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    Bibliography: Erman & Horn, Bibliography of German Universities II, no. 6421; not in Murray, Museums; see Wegner, Richard N. ‘Die Geschichte des Anatomischen Instituts und Museums der Universität Greifswald aus der Festschrift zur 500- Jahrfeier der Universität Greifswald (Wiss. Z. Ernst- Moritz- Arndt- Univ., Math.- Naturw. R. 2 (1956) 282- 297).

    View basket More details Price: £550.00
  • A veritable Who’s Who of European High Society at the height of the Belle Époque
    LARGE OBLONG SOUVENIR ALBUM OF CALLING CARDS COMPILED BY THE NOTED VICTORIAN CONCERT PIANIST by [WOMEN IN SOCIETY.] DIETZ, Catinka de.
    [WOMEN IN SOCIETY.] DIETZ, Catinka de.
    LARGE OBLONG SOUVENIR ALBUM OF CALLING CARDS COMPILED BY THE NOTED VICTORIAN CONCERT PIANIST Catinka Mackenzie de Dietz, containing over 400 calling cards, greeting cards, printed menus, invitations, mourning cards, and post cards, from friends, colleagues and associates from across European High Society. [n.p.], [n.d. but ca.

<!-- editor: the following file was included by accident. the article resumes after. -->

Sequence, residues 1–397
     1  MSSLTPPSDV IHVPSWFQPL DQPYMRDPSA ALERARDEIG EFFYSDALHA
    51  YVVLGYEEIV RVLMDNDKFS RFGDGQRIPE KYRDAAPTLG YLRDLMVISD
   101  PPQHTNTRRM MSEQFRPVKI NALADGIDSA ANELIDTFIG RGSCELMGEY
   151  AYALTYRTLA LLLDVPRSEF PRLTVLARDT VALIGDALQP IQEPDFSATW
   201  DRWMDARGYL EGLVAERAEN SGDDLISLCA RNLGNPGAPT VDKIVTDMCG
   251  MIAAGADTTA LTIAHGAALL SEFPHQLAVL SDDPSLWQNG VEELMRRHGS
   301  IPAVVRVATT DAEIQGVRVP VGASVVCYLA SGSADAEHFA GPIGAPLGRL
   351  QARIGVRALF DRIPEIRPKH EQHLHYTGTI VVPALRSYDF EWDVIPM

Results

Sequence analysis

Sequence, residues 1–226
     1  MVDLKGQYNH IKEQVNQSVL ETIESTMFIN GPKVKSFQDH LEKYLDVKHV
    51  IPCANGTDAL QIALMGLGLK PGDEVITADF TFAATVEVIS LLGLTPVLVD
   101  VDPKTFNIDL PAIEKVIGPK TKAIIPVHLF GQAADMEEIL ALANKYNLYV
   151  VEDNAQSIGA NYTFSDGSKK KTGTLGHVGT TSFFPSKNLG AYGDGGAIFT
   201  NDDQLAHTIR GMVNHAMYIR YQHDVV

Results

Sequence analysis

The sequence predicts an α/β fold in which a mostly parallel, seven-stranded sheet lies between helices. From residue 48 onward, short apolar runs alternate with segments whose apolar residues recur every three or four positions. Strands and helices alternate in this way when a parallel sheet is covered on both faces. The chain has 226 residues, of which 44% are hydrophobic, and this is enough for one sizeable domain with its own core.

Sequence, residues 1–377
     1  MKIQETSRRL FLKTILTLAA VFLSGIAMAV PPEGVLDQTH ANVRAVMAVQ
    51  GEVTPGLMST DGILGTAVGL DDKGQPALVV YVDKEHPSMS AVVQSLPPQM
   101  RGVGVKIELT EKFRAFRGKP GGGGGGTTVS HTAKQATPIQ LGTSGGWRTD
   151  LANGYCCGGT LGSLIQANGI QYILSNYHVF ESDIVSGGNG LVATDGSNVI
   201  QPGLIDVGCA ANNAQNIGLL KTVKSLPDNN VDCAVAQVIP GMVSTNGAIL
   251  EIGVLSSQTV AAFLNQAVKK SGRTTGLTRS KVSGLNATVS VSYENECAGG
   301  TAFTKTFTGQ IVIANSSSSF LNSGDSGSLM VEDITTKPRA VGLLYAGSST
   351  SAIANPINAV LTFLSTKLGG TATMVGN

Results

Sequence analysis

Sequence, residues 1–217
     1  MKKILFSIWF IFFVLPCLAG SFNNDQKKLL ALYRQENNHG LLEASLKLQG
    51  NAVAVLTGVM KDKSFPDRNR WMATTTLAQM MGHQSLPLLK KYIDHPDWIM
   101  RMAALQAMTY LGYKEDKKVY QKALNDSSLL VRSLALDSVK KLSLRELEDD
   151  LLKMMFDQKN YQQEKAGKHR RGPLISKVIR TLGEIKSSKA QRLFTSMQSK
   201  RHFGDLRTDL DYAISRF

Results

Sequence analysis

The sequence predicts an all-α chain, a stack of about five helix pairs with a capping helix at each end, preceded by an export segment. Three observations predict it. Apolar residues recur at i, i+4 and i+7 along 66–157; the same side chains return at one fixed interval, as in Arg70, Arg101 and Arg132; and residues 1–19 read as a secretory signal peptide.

1890-1901.]. Large oblong album, 270 x 420 mm; ff. 33 leaves of thick paper 264 x 410mm; with 399 late Victorian calling cards, greeting cards, menus, invitations etc neatly mounted and organised, with a further 7 items loosely inserted, front and rear endpapers also used, four pages unused, and one calling card blank; a number of the cards signed or with manuscript messages of greeting, several of the mounted items with neat manuscript annotations penned below by Dietz; some light foxing, soiling throughout, with some offsetting and see-through caused by the glue, a few cards now a little faded, one or two slightly creased, and with a couple of small marginal tears; An extraordinary turn of the century personally compiled…